Dems to send budget bills to Rauner next week for action

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SPRINGFIELD — Democratic leaders are preparing to send Gov. Bruce Rauner budget bills next week, meaning the governor could veto a spending plan and possibly open up the state to a shutdown, in a matter of days.

“The budget has been a public document since we passed it, so the administration has had time to review and analyze it,” said Rikeesha Phelon, spokeswoman for Illinois Senate President John Cullerton, D-Chicago.”It’s our intention to start sending him the actual bills for action next week. . . . He has options. If he doesn’t want to sign it, if he would rather force a shutdown, then that is a problem that he would own.”

The governor’s office responded Wednesday by saying there was still plenty of time for a deal to be reached before the start of the next fiscal year, July 1.

Rauner has vowed to veto the Democratic plan, calling it out of balance by $4 billion. That’s because neither side wants to wear the jacket on raising taxes. Democrats complain that it was Rauner who urged them to allow a temporary state income tax increase to sunset at the beginning of the year, worsening an already gaping budget hole. Rauner counters that Democrats got the state into the fiscal mess, and he won’t agree to raise taxes until certain reforms are put into place.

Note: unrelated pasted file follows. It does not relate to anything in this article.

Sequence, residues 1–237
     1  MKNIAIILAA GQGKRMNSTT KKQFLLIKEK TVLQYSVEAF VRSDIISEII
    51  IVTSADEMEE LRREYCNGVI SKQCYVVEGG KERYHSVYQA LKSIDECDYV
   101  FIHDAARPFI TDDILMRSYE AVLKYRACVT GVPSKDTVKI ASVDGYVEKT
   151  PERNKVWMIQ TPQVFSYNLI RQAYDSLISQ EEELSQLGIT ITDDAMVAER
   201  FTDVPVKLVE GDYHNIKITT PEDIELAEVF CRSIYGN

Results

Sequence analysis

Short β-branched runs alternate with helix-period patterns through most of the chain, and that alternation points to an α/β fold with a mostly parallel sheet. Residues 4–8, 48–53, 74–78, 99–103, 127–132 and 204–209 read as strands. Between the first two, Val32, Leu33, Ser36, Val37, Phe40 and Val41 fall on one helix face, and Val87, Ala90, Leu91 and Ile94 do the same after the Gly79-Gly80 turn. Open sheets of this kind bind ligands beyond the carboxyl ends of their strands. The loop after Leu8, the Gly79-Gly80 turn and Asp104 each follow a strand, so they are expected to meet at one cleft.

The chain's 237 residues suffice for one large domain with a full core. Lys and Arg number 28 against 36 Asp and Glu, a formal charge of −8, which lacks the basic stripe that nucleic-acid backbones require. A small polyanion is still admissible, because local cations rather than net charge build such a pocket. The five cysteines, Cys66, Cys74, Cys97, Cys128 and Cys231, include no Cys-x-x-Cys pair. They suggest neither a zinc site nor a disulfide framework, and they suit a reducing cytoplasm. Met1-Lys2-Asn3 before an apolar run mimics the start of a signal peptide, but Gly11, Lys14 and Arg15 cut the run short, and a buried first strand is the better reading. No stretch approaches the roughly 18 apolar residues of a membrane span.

“He has options that include reducing spending lines to a level he feels appropriate and manageable for the administration,” Phelon said. “The other options include having conversations with the legislative leaders about how to generate income to bridge the gap by the revenue hole . . . We hope he will consider taking a balanced approach to budgeting just like a family would do . . . look at both sides of the ledger.”

Phelon said if Rauner outright vetoes the bills, then a shutdown is “all but a certainty.”

“There are options, leaders like Cullerton are willing to find a way to work it out,” she said. “And there’s still time to do that.”

A governor spokeswoman said if lawmakers were truly willing to compromise, they would adopt some of Rauner’s proposed reforms, including a property tax freeze and changes to the workers-compensation law.

“The governor has made clear for weeks that the budget passed by Speaker Madigan and the legislators he controls is unbalanced and unacceptable. The governor remains committed to working with legislators to enact reforms that protect the middle class, free up resources for the most vulnerable, grow jobs throughout the state and help produce a responsible, balanced budget,” Rauner spokeswoman Catherine Kelly said in a statement to the Sun-Times. “While the governor has compromised repeatedly, it’s disturbing that majority party legislators continue to reject reasonable reforms and a balanced budget. If they have any interest in real reform and a responsible budget, there is no reason a deal can’t be reached beforeJuly 1.”

Rauner has launched a new TV ad telling Illinois residents he is trying to follow through on a campaign promise to “shake up Springfield.”

Steve Brown, spokesman for Illinois House Speaker Mike Madigan, D-Chicago, said the budget bills will be sent to the governor “before the end of the month,” but he wasn’t aware of an exact date.

“The government will continue to operate” and various things could happen, including an override of the veto. In the past, lawmakers have passed temporary budgets until a long-term compromise could be reached.

Brown said he hasn’t heard of any short-term plan discussed.

Contributing: Becky Schlikerman

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